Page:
Exercise: Too much or not enough information – using illustrator

I last posted a comment about this poster nearly a month ago, and I feel like I’m finally nearing it’s completion. I’ve had two sessions with a friend who’s a graphic designer now, and feel like I have some level of competency with Illustrator and Photoshop.

I’ve made fairly substantial changes to the design of the poster. Here’s how it looked before:

Overall photo of poster one

Overall photo of poster one

And this is what the poster looks like now:

Bands in the park poster v.2

Bands in the park poster v.2

Working with the guidance of my friend was helpful as it helped me to decide what elements of the previous design worked and which didn’t. I used the original handwritten title ‘bands in the park’ and the drawings I’d done of the instruments, converting them into vector graphics and adjusting the colours/width of outlines. I felt this kept some of the charm or feel of the hand made design but cleaned it up, making it seem smoother more professional.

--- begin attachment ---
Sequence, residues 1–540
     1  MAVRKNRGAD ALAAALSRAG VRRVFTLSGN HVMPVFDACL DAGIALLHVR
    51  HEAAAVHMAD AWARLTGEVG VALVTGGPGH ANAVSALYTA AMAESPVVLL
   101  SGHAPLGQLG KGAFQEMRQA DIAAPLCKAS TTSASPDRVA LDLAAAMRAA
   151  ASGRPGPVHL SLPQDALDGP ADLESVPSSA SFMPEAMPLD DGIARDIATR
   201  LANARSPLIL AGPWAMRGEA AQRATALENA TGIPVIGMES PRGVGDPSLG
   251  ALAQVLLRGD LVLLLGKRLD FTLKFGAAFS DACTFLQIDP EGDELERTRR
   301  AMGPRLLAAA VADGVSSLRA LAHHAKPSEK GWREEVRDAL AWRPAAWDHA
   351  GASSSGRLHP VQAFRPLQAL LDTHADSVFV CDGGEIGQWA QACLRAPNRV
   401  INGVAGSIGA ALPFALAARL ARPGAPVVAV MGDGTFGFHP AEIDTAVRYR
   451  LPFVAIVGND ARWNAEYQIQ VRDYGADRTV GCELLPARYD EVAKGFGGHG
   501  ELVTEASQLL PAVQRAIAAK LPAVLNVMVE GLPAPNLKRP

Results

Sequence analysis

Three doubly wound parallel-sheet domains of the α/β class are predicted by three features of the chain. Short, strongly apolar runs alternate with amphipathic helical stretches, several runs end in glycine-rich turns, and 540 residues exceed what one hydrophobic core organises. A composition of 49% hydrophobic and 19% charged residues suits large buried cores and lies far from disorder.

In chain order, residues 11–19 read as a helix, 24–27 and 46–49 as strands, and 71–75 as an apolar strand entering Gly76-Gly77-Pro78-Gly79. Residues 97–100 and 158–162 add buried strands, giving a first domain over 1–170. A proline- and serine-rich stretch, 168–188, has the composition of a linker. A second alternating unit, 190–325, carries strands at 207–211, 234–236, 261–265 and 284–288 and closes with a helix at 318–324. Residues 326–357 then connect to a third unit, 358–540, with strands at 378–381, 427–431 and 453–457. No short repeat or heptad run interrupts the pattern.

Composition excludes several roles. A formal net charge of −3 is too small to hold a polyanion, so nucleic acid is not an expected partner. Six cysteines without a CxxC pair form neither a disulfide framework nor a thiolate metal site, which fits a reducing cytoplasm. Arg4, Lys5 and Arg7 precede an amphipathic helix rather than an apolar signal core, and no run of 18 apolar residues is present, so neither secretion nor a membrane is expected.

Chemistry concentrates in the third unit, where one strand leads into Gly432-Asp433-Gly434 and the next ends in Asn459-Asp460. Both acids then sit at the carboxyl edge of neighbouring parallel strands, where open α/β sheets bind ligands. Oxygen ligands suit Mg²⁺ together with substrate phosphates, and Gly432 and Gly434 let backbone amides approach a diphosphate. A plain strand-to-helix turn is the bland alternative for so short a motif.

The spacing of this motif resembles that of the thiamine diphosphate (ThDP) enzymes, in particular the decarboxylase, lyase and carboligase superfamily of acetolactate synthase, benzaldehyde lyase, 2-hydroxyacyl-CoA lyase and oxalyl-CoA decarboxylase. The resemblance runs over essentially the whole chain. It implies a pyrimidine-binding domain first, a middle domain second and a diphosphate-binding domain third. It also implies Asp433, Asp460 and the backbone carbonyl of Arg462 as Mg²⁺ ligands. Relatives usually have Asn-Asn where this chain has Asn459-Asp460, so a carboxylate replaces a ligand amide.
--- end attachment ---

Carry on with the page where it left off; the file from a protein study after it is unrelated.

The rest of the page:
So what did I change? Well the original colour scheme had to go, it gave the wrong impression of a patriotic event. I went for a colour scheme that was quite muted, and suited ‘Jazz’ music as a sort of theme, using grey’s, creams, brown and a mustard yellow to add some colour. I wanted to give a nod to it being a summer/park based event so added some daisies around the poster. I didn’t want them to be too intense or bold hence they sit within the colour scheme and are simple shapes.

It’s worth noting here, that viewing the poster now the background colour appears much greener than it did in illustrator. I think I need to adjust that to make it more like a creamy grey. I’ve printed the poster a few times now just to try and a get a better look at the scale of text and shapes within the poster, and found that helped me to know when to adjust sizes. For instance the title line was appearing quite small once printed out so I adjusted that. Now I’m thinking that it might be worth making some changes to the colours.

 

 

 

 

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